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Speech Pathology Department

Speech Language Pathologist working with student in the classroom 

Speech Language Pathologists
Lisa Belding, M.A., CCC-SLP - Paul C Bunn, Itinerant Preschoolers
[email protected]

Kirsten Cook, M.A., CCC-SLP - Martin Luther King
[email protected]

Susan Crawford, M.A., CCC-SLP - Kirkmere
Jed Douglass, M.A., CCC-SLP - East, Chaney, Rayen Early College (REC)
Noelle Hannon, Harding
[email protected]

Janine Lawler, Taft, Choffin
[email protected]

Meredith McKay, M.A., CCC-SLP - Volney, McGuffey Preschool
[email protected]
Amiee Morelli-Neddy, M.A., CCC-SLP - McGuffey
[email protected]

Brenna.Penwell, K-8 Kindergarten Language Concept Program
Christine Sliman, M.A., CCC-SLP - Williamson, Wilson
Gary Ustik, M.S., CCC-SP - Non-Public
[email protected]
What is speech and language therapy?  
A Speech Language Pathologist (SLP) works with the educational Team to provide direct speech therapy to students with a variety of speech /language disorders and delays.  Services to students with speech-language disorders may be provided individually or in small groups, within the classroom or in a consultative model with teachers and parents. The SLP integrates the students' speech-language goals with academic outcomes and functional performance.

What types of speech and language disorders affect school-age children?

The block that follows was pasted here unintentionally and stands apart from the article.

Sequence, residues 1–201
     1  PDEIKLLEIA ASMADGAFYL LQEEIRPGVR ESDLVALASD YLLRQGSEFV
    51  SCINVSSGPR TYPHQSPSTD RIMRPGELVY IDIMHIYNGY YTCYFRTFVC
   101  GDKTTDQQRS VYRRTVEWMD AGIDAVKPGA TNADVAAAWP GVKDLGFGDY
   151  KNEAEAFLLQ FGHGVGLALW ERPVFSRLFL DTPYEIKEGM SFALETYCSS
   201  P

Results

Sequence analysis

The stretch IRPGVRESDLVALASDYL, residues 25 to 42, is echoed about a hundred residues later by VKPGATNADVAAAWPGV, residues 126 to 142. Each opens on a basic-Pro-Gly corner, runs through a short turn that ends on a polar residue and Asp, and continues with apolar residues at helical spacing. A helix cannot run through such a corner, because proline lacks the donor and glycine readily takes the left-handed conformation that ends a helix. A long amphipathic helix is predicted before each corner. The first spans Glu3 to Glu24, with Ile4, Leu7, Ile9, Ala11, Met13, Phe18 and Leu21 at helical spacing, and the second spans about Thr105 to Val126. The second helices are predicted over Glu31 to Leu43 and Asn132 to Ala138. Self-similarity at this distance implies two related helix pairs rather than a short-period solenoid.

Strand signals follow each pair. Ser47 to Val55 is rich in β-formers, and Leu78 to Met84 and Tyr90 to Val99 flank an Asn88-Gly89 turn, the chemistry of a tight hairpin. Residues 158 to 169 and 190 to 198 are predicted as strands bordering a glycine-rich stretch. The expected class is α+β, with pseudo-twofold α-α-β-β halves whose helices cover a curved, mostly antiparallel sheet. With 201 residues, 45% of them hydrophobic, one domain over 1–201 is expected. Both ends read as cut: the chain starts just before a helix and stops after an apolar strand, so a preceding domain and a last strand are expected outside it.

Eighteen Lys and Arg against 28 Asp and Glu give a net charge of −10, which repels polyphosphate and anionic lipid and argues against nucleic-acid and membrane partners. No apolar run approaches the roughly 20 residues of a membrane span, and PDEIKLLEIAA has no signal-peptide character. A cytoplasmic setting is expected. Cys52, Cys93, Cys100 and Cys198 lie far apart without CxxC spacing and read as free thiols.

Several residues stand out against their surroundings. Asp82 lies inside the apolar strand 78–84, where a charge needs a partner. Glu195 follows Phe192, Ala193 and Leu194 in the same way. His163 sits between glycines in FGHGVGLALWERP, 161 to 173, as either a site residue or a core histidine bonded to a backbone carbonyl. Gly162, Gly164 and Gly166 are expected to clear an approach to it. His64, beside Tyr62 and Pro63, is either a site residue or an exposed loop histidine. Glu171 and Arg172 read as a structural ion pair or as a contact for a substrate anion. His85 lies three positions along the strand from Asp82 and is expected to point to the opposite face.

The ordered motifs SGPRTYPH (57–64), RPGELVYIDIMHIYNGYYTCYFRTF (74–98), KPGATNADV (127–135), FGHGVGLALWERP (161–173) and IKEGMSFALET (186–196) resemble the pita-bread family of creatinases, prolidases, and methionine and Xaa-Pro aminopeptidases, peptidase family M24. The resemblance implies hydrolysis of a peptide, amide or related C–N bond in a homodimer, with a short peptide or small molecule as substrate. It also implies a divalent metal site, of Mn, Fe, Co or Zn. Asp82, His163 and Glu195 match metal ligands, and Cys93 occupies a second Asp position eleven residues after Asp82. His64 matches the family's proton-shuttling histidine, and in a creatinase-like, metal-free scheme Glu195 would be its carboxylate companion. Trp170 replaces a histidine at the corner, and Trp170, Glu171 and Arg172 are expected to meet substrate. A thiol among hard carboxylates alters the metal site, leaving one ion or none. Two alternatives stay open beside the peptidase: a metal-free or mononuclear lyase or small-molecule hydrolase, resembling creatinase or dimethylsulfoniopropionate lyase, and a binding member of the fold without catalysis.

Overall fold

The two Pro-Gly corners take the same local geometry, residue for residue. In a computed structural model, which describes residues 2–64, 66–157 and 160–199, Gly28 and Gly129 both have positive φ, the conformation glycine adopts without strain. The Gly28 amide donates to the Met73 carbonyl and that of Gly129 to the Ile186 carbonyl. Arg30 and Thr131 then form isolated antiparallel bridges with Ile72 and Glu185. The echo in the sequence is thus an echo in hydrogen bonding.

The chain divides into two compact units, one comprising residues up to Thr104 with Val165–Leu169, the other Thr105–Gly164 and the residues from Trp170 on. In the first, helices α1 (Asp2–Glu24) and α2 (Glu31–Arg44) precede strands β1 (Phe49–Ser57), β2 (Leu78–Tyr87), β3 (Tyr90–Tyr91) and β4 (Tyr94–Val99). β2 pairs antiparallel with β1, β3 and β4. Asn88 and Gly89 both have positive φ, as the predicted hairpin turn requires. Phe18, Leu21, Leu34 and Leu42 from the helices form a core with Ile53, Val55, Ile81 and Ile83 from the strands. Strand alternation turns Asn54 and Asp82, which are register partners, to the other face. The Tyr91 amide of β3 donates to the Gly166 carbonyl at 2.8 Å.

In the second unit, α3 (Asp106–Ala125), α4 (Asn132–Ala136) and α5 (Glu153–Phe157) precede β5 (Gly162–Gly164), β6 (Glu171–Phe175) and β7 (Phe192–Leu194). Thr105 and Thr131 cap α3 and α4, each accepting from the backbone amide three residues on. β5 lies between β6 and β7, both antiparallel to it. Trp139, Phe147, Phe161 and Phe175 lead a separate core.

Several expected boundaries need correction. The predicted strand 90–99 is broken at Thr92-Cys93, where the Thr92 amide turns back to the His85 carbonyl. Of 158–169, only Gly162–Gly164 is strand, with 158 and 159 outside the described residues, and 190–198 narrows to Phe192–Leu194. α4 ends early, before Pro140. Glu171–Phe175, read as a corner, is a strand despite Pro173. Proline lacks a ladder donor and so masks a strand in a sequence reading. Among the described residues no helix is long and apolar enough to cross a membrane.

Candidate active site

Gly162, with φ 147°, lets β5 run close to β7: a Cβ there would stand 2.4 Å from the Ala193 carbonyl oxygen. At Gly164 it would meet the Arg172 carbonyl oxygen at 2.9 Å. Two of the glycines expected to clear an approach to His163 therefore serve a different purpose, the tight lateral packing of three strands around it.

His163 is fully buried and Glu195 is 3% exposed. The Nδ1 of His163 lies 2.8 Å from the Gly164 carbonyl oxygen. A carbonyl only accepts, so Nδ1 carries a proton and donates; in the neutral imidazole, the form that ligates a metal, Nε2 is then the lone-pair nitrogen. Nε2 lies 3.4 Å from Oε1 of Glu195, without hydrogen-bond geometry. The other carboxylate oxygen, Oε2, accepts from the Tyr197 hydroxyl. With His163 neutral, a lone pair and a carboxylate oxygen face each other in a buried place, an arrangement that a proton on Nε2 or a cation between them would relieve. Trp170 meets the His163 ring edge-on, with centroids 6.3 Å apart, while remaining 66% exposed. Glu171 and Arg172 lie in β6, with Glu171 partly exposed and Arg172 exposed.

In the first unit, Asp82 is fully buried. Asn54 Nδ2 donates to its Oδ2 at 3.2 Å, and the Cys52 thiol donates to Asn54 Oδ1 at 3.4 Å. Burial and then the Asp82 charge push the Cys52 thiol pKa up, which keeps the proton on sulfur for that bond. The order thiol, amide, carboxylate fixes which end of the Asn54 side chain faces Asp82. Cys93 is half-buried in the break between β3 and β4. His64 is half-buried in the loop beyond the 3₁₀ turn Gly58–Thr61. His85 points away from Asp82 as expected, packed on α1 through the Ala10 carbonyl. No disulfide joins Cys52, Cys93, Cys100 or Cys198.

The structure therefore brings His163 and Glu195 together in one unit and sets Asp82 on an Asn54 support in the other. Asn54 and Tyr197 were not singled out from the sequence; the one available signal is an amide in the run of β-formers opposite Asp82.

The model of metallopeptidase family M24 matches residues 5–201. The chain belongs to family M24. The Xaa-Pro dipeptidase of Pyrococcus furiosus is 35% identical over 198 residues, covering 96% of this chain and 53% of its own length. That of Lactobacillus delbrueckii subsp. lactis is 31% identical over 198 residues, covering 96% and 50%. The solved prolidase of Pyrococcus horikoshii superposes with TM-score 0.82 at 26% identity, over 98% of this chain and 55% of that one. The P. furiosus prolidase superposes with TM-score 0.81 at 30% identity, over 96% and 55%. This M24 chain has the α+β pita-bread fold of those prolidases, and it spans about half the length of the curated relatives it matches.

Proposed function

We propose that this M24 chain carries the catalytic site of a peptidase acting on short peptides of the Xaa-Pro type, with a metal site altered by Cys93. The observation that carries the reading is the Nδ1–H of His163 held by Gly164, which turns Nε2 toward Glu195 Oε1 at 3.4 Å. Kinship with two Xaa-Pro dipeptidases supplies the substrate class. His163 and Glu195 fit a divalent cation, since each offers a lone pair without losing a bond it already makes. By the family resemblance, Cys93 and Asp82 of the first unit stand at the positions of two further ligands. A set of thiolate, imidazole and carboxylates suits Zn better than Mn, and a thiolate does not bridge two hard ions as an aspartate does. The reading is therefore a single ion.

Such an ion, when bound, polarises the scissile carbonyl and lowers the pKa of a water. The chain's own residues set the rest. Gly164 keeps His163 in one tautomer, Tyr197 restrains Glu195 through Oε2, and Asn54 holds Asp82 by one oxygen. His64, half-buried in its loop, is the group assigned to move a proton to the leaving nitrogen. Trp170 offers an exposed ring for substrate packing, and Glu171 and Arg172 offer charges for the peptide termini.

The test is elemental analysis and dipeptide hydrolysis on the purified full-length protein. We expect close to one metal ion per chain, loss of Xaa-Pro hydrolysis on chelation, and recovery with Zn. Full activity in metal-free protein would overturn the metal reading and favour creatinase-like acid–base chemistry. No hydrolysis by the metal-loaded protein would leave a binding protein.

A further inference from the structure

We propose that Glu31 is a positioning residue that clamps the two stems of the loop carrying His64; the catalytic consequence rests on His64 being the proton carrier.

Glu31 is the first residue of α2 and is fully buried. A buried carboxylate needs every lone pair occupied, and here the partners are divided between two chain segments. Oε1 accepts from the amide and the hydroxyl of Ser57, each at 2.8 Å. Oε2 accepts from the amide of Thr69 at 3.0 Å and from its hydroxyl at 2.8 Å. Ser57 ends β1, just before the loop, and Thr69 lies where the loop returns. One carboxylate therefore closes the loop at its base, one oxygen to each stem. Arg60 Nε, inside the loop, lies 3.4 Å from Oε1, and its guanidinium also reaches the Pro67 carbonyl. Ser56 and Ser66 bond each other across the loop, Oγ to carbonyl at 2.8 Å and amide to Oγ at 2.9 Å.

• Speech sound disorders - difficulty pronouncing sounds (articulation)
  • Language disorders– difficulty understanding what they hear (receptive language) as well as verbally expressing themselves with words (expressive language)
  • Stuttering (fluency) disorders– interruption of the flow of speech that may include hesitations, repetitions, prolongations of sounds or words
  • Voice disorders– quality of voice that may include hoarseness, nasality, volume (too loud or  too soft)
  • Pragmatics - the use of social language skills, critical thinking skills and verbal problem solving skills
  • Augmentative Communication -  various alternative methods of communication that can help students who are not verbal to communicate with others
How does a student qualify for Speech services?
The process for determining Speech services begins with a referral for an evaluation based on concerns related to the child’s speech and/or language skills. Next, the Speech Pathologist performs an evaluation which assesses the student's speech sound production and/or receptive and expressive language skills.  The need for speech therapy must be educationally relevant and therefore directly related to helping the child access the educational curriculum.  An intellectual disability or speech sound error does not automatically qualify a child for speech therapy. The Speech Pathologist consults with members of the child’s educational Team to determine whether a child receives speech therapy in school.

Two young girls receiving Speech Therapy at school


  • Preschool